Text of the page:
Investment (or capital expenditure) strategies must be rationalized as a means of increasing shareholder value over the longer term, yet many consider stock repurchases as a purely accounting driven strategy to increase share value without any change in the intrinsic value of the company. When corporate boards repurchase stock, investors likely consider this to be a signal that profitable investment projects are not available. Yet, corporate use of cash for stock repurchases has the potential, if not the reality, of reducing growth in a firm's operations over longer time horizons. Nothing about a stock buyback is related to increasing cash flows available to shareholders in the future. Grullon and Ikenberry (2000) note that the stock repurchase, if done with cash, can attenuate a firm's size and capitalization. Ultimately, on a larger scale, the cumulative effect of so many companies repurchasing stock as an alternative to increasing capital budgets can have a deleterious influence on the business investment component of aggregate demand in the economy, in addition to the labor force. Further, as a governance issue, a very important purpose of the corporate board is to provide advice relating to the future operations of the company and to protect shareholder value. If the intended results of stock buybacks vary unpredictably or do not lead to longer term value creation, perhaps boards should be held to a higher standard in approving these programs (Yamate, 2013).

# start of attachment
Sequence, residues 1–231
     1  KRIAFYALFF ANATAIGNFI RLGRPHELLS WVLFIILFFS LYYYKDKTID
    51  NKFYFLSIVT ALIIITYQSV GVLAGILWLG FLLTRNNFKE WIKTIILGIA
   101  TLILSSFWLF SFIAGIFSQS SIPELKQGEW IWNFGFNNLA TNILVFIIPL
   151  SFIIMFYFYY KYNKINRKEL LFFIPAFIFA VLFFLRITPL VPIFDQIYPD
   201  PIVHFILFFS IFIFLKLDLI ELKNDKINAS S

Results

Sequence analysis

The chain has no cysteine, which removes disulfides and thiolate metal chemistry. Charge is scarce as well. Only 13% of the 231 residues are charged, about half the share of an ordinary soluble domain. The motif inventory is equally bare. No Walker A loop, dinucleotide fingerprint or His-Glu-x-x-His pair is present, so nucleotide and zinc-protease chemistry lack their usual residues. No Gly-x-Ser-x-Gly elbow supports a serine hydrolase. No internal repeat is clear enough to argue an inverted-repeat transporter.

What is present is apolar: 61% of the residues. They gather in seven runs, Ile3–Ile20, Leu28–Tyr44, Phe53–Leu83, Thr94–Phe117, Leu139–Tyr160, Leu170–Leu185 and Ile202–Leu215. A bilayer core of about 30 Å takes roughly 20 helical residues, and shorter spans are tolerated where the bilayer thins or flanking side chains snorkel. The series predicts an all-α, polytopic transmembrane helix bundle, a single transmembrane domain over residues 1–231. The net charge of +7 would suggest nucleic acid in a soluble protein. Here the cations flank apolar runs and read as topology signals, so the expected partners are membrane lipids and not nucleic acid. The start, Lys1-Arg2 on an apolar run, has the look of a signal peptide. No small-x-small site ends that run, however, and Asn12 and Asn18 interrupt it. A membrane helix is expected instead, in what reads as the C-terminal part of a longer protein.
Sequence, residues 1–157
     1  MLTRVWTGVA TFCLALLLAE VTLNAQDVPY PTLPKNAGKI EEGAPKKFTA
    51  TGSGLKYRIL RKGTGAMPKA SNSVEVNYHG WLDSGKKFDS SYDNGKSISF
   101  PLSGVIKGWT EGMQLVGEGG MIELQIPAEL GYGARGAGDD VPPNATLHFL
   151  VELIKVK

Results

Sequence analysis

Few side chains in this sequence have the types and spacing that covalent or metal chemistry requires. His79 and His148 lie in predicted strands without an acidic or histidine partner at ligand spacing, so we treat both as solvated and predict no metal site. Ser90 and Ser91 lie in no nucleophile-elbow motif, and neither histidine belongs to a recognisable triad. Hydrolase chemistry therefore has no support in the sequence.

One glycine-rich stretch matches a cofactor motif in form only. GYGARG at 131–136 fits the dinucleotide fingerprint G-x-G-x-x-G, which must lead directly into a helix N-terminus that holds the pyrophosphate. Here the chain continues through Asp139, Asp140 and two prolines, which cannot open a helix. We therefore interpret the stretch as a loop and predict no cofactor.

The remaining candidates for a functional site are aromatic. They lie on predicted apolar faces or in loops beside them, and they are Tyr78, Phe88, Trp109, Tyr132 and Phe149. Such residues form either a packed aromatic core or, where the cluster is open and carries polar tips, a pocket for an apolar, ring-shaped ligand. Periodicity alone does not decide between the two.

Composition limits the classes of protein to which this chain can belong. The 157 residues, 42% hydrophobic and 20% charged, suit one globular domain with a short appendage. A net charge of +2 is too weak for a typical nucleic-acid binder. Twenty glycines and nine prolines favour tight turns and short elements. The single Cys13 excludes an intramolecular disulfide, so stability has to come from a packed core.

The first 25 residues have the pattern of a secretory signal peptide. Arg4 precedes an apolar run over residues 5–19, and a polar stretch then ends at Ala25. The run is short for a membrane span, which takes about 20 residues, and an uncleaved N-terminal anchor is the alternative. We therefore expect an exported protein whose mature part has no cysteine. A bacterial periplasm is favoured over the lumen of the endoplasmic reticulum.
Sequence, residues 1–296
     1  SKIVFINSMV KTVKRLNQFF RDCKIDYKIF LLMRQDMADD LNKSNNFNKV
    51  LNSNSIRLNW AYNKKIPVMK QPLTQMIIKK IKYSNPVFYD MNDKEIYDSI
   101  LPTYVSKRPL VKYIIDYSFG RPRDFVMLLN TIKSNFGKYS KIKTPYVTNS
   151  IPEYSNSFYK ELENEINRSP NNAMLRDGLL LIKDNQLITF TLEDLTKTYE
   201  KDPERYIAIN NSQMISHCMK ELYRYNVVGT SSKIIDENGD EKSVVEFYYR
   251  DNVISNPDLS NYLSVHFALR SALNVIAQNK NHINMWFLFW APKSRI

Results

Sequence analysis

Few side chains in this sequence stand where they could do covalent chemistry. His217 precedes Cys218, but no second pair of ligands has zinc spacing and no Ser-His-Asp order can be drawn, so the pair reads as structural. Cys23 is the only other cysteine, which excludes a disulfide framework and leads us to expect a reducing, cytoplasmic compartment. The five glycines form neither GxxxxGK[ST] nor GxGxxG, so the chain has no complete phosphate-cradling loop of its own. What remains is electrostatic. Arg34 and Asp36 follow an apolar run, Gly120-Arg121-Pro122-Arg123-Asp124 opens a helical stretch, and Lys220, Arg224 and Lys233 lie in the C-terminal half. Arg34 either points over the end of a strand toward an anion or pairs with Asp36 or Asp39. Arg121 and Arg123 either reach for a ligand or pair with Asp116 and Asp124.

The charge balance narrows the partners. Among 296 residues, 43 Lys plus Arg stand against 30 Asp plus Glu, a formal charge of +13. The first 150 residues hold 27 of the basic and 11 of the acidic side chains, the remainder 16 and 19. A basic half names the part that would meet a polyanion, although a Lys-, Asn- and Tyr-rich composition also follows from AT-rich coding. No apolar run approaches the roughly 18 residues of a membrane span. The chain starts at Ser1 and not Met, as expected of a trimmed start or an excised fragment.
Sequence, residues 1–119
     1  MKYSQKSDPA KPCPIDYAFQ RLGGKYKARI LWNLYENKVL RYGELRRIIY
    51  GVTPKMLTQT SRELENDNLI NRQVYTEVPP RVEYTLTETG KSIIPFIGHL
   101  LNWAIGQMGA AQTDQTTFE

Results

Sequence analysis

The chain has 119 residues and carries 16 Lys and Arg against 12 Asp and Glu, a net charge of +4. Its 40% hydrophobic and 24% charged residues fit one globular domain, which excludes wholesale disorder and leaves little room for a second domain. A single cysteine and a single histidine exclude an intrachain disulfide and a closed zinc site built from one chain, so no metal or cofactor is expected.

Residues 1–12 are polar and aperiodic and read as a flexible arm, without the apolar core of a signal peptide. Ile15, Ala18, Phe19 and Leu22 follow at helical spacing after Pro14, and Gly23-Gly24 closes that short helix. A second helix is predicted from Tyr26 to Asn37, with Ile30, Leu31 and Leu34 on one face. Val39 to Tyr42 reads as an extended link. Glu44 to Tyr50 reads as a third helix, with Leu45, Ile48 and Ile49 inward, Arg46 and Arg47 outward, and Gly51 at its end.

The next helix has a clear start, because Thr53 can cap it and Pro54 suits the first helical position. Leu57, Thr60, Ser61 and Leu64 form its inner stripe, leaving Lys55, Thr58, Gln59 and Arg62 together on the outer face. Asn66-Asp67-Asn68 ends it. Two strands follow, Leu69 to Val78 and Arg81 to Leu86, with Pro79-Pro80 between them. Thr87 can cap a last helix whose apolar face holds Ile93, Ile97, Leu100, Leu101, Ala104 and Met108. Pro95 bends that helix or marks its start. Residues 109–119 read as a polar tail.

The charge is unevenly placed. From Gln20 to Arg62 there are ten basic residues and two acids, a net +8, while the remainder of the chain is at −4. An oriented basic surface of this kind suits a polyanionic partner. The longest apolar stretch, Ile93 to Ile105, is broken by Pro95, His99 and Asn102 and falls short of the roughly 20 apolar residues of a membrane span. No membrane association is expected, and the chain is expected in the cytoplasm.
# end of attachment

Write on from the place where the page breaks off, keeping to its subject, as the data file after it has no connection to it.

Studies of the benefit to shareholder wealth as a result of the announcement of a pending stock buyback program are extant. But most of these studies only consider the short-term announcement's influence on abnormal returns. Indeed, several studies have shown that a positive drift in returns often does occur following share repurchase announcements (Lakonishok & Vermaelen, 1990; Stephens & Weisbach, 1998; & Vermaelen, 1981). These are generally attributed to the corporate disclosure that the firm is undervalued and/or that it has good future prospects, thus signaling to the market that shares are undervalued and thus a good investment. However, share repurchases can be motivated by other incentives (e.g., to avoid takeover threat, to counter the dilution effects of managerial stock options, to increase earnings per share by reducing outstanding share count, etc.), many of which fail to produce a positive market response even in the short term.